• Friday, April 12, 2024


Rohit Shetty on box office success of Sooryavanshi: People told me nobody will come to theatres

Rohit Shetty (Photo by SUJIT JAISWAL/AFP via Getty Images)

By: Mohnish Singh

Director Rohit Shetty’s latest directorial Sooryavanshi is unstoppable at the box office. The film, which released on 5th November, coinciding with Diwali, has been doing phenomenal business ever since entering theatres.

Shetty says that the humongous success of the film is yet to sink in as the film’s release was a tough battle of 19 months, where his team “fought” the pandemic, nationwide lockdown and naysayers who thought no one will step into a cinema hall to watch the cop action drama.

Featuring superstar Akshay Kumar and Katrina Kaif in lead roles, Sooryavanshi has been credited to revive the exhibition sector for Hindi cinema after the industry was severely hit due to the coronavirus pandemic.

The film was originally planned to be released in March 2020 but was delayed indefinitely after cinema halls shut following the nationwide lockdown. When a new release date of March this year was announced, the makers had to push the movie again due to the second wave of the pandemic.

In an interview with PTI, Shetty said holding on to the project for 19 months was not easy and recalled how his decision to release the film in theatres was being deemed a fatal move. “We fought for almost 19 months, where everyone told me my decision was wrong. Even till Thursday a lot of people were like, ‘He has gone mad, nobody is going to come to theatres.’ But there was a belief that they would come. We analysed a lot of things – the Ganesh Utsav, Navratri, how schools and malls started opening up, and how people started going back to work.”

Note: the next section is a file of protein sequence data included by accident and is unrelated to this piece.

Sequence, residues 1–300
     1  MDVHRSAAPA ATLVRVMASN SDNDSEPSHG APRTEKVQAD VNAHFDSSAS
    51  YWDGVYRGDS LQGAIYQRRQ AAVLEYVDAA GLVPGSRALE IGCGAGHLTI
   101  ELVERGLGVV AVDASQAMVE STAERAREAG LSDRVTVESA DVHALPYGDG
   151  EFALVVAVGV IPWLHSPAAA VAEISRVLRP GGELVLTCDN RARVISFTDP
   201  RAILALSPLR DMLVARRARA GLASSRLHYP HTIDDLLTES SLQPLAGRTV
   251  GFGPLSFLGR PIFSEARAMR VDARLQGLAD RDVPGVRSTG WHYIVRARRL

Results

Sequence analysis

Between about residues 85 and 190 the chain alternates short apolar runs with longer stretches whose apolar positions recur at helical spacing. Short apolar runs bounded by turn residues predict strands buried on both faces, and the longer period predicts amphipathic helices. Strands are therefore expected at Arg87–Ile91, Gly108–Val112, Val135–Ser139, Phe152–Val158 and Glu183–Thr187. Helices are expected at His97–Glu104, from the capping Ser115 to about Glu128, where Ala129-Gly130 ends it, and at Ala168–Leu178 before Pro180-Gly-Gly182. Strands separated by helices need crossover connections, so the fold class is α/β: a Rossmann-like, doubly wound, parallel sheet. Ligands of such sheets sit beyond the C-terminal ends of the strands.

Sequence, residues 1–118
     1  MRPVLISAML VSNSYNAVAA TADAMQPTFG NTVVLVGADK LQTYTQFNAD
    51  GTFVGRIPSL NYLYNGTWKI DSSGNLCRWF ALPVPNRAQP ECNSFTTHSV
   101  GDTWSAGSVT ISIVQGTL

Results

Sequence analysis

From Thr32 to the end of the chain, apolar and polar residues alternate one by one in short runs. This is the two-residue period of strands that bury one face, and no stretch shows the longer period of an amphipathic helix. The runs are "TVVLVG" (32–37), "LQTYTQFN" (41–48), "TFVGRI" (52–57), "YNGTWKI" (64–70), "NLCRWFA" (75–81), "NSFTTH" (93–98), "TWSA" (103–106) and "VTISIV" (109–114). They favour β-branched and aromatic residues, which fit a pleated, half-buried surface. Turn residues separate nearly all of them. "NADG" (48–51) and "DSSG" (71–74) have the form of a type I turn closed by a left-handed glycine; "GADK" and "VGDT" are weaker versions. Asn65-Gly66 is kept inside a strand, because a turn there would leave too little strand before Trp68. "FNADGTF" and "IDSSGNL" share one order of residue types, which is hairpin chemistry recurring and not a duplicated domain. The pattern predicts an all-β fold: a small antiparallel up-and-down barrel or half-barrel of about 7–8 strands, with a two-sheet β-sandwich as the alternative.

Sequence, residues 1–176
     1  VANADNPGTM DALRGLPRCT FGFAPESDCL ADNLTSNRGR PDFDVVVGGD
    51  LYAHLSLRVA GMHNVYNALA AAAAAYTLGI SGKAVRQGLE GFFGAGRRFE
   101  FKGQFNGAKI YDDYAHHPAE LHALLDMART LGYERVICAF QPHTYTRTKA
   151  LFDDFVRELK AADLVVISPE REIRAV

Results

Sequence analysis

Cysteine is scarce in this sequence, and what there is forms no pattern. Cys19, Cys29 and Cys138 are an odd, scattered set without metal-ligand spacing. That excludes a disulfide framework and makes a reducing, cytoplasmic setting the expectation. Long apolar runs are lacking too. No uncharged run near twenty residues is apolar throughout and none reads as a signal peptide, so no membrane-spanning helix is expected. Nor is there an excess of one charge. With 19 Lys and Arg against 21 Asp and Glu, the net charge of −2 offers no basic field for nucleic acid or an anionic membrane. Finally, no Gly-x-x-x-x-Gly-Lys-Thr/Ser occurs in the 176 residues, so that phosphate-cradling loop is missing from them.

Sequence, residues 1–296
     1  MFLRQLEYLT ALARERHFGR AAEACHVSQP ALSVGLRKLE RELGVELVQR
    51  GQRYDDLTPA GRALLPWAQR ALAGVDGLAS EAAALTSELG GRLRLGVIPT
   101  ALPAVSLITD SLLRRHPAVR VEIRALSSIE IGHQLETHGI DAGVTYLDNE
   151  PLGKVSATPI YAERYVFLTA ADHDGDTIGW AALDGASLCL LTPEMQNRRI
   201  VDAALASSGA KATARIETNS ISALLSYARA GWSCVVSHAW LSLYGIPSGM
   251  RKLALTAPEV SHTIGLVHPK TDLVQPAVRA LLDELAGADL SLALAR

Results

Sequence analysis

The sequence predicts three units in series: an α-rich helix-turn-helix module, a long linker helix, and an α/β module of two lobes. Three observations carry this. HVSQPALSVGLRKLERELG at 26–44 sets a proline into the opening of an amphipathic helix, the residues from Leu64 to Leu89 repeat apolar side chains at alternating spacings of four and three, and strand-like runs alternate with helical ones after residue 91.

“When all of this was happening, I knew people would come to the theatres. Someone had to take the first step. I knew I had to take the risk and now I think it was worth taking. It was not just about me but the livelihood of all those connected to the theatrical business,” the filmmaker added.

While he patiently held fast to the film, the director said several streaming platforms had approached him with lucrative offers to buy the project for a digital release.  Shetty, however, was certain that he wanted to see his film only on the big screen, even as people were writing off the future of cinema halls.

“People said, ‘Cinema halls are dead, there is no future of films theatrically’ but I wasn’t worried. There were offers from OTT for the film, there was a lot of discussion in my office that we should move on. But I didn’t want to, I wanted to wait.  We would have been in huge, much more profit when it would have come 19 months or 15 months ago when we started getting the offers. But I had a firm belief that it was made for cinema (halls) and it should come there,” he added.

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